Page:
Lincolnshire or Lincoln, a maritime county on the E of England. It is bounded on the N and NE by the Humber, which separates it from Yorkshire, on the E by the German Ocean, on the SE for about 8 miles by Norfolk, on the S by Cambridgeshire and Northamptonshire, on the SW by Rutland, on the W by Leicestershire and Notts, and on the NW by Yorkshire. Its outline in a general view is oblong, with a great curve along the NE, an indentation by the Wash on the SE, and a considerable curve on the SW. Its length, from N to S, is 73 miles; its greatest breadth is 48 miles; its average breadth is about 37 miles; its circuit is about 260 miles; its area, according to the latest returns furnished by the Ordnance Survey Department, is 1,693,547 statute acres; and its population (1801) 208,625, (1821) 283,058, (1841) 362,602, (1861) 412,246, (1881) 469,919, (1891) 472,878. About two-fifths of the surface are fens, and the rest is a diversity of swell and knoll and hill, with intersecting dale and vale. The fens occupy the Isle of Axholme in the NW, the Vale of Ancholme in the N, a broad belt outward to the coast in the NE, and most of the country S and SE of Lincoln city; they are supposed to have, at a comparatively recent geological period, been covered by the sea; they are all level, and they were, within the human epoch and till reclaimed by art, all in a state of marsh. The Isle of Axholme began to be reclaimed in the time of Edward I.; the fen of Deeping, in the S, appears to have been partly improved even before the Roman Conquest; vast tracts were reclaimed, with great enterprise and great rapidity, immediately after the era of modern general georgical improvement; only a few pendicles now remain in a wild condition, and from the combined results of embanking, draining, and skilful management, the quondam marshy wastes now exhibit expanses of fertility inferior to no other tracts in England. The drainage ducts consist of ditches ramifying into what are called dykes, and the latter are large fosses like canals, are very numerous, many of them very long, and some of them navigable by barges. The other parts of the county are chiefly wolds, but include what formerly were called heaths, and they at one time were very generally bleak and waste, but like the fens, though in a different way, have been so reclaimed as to exhibit now an aspect of luxuriance. The aggregate appearance of the county, notwithstanding the prevalence of level grounds, is very pleasing. The level tracts themselves, indeed, are pleasing chiefly from the ornature of culture; but the other tracts have such inequality of surface, or such diversity of hill and dale, interspersed with wood and lawn, as constitutes the beautiful or even the picturesque in natural scenery; and very numerous spots throughout these tracts, or sometimes long reaches of hill-shoulder or of tableau, command very extensive and charming views. The coast-line, including that of the Humber, is about 110 miles in length, and excepting at Cleeness, near Grimsby, where there are high bold cliffs, it is all low and flat. The foreshore, or space between high and low water, is sometimes not less than 2 miles; and it includes many banks, called chain-huts, which consist of roots, trunks, and branches of trees, intermixed with frondage of aquatic plants, and are alternately covered and left bare by the tide. The sea, in some parts of the coast, has made encroachments on the land, and in other parts has retired. Vast tracts, even from the time of the Roman occupation, have been redeemed from the sea by embankments.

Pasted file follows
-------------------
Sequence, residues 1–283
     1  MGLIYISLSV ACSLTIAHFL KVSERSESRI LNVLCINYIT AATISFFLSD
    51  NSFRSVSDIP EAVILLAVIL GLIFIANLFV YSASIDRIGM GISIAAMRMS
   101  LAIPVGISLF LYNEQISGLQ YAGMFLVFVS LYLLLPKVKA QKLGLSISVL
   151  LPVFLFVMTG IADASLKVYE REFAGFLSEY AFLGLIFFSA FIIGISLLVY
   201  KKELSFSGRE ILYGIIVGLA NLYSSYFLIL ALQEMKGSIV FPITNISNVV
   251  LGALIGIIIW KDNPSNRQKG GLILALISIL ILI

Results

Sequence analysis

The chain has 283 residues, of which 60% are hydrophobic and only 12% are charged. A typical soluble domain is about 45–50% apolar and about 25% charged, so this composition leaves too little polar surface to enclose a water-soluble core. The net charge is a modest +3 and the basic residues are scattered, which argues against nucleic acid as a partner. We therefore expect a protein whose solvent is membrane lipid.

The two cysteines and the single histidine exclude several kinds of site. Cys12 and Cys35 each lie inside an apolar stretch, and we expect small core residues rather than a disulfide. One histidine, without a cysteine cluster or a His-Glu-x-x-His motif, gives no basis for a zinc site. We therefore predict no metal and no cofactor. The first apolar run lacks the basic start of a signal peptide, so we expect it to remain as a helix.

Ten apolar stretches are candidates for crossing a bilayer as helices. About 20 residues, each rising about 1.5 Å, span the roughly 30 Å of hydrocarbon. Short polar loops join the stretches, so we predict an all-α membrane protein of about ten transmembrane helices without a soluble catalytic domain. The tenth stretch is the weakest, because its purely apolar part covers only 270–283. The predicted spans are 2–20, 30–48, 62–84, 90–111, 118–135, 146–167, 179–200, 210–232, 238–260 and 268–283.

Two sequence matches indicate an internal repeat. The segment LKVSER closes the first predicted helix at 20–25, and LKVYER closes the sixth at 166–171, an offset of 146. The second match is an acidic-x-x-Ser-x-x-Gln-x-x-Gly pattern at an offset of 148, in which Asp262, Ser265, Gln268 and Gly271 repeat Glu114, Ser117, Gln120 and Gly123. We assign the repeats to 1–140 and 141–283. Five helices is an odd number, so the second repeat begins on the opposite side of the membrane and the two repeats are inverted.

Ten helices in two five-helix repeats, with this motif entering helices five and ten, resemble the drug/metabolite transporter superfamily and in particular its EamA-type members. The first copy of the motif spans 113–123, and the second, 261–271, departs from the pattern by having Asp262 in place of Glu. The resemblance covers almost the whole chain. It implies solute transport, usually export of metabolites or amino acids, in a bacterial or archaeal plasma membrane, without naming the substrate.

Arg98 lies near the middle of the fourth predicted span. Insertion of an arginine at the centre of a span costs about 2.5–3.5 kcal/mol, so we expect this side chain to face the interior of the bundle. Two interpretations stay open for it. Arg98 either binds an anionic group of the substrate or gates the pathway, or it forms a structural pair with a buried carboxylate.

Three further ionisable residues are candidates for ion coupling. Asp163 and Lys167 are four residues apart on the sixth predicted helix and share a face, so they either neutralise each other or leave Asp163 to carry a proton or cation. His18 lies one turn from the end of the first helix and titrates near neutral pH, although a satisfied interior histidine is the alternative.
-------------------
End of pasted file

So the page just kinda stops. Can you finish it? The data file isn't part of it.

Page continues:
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Places and Parishes in Lincolnshire